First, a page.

9 Grammatical Pitfalls


[ig-nuh-min-ee-uh s] /ˌɪg nəˈmɪn i əs/
marked by or attended with ignominy; discreditable; humiliating:
an ignominious retreat.
bearing or deserving ignominy; contemptible.
Origin of ignominious
late Middle English
1375-1425; late Middle English < Latin ignōminiōsus. See ignominy, -ous
Related forms
ignominiously, adverb
ignominiousness, noun
nonignominious, adjective
nonignominiously, adverb
nonignominiousness, noun
unignominious, adjective
unignominiously, adverb
unignominiousness, noun
1. degrading, disgraceful, dishonorable, shameful. 2. despicable, ignoble. Unabridged
Based on the Random House Dictionary, © Random House, Inc. 2015.
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Examples from the web for ignominiously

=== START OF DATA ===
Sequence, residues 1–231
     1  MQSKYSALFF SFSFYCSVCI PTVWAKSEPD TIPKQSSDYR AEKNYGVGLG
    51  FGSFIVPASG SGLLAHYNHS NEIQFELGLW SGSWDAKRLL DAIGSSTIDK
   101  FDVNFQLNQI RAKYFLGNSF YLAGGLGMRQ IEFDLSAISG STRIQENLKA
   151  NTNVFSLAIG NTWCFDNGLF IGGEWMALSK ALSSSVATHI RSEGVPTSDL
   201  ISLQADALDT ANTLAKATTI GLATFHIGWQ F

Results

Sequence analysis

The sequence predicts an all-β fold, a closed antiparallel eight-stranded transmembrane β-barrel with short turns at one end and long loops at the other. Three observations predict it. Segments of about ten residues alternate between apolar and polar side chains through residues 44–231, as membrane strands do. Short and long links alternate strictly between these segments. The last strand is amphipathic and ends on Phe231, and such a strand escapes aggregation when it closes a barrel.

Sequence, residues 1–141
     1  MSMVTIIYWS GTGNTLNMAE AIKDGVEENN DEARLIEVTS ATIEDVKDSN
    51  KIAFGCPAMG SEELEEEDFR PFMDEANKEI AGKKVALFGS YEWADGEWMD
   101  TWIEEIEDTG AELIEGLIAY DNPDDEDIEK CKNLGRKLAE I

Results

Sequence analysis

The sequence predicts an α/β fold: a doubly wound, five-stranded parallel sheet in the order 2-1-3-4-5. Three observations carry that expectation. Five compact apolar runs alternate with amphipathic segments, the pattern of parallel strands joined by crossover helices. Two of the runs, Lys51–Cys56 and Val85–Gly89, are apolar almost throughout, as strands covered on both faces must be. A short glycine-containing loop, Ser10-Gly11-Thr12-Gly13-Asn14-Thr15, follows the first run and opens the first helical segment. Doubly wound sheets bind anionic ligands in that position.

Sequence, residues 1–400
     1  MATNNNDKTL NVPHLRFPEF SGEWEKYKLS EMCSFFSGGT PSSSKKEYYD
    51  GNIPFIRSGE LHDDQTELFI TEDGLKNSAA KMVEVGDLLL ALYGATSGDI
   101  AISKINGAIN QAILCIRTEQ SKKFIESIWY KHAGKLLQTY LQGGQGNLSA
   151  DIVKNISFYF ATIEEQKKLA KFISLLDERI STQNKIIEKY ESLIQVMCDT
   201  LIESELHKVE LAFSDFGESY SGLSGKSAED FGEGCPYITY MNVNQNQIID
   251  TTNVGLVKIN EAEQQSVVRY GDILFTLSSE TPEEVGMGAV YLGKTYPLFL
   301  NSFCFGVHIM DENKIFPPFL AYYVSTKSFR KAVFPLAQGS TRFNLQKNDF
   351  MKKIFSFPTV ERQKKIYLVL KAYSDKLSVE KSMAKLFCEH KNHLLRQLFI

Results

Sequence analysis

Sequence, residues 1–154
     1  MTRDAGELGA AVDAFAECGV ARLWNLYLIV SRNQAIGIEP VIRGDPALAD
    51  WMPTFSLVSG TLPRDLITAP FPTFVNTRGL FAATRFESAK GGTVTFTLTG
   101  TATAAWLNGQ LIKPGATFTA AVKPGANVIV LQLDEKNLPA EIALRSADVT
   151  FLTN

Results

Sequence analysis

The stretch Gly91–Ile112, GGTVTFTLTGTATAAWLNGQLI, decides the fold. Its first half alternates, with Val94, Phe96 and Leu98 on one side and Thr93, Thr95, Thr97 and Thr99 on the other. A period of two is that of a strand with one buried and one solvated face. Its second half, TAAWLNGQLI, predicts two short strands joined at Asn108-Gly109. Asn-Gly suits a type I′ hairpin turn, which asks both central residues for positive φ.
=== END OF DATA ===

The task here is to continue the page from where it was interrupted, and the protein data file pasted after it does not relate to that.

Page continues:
• One may thereby have made a brilliant discovery or one may have gone ignominiously astray.
  • They are ignominiously nicknamed bug-hunters, and are regarded as a species of lunatic at large.
  • He had to depart ignominiously without being granted an audience.
  • He had to leave ignominiously from a side door-an end to his fourth government that he will not lightly forgive or forget.
  • For almost a dozen years the high-powered rifle sat ignominiously in the dusty garage of a home here.
  • The traitors are ignominiously and terribly defeated.
Word Origin and History for ignominiously



early 15c., from Middle French ignominieux (14c.) or directly from Latin ignominiosus "disgraceful, shameful," from ignominia "loss of a (good) name," from assimilated form of in- "not, opposite of" (see in- (1)) + nomen (genitive nominis) "name" (see name). Influenced by Old Latin gnoscere "come to know." Related: Ignominiously; ignominiousness.

Online Etymology Dictionary, © 2010 Douglas Harper
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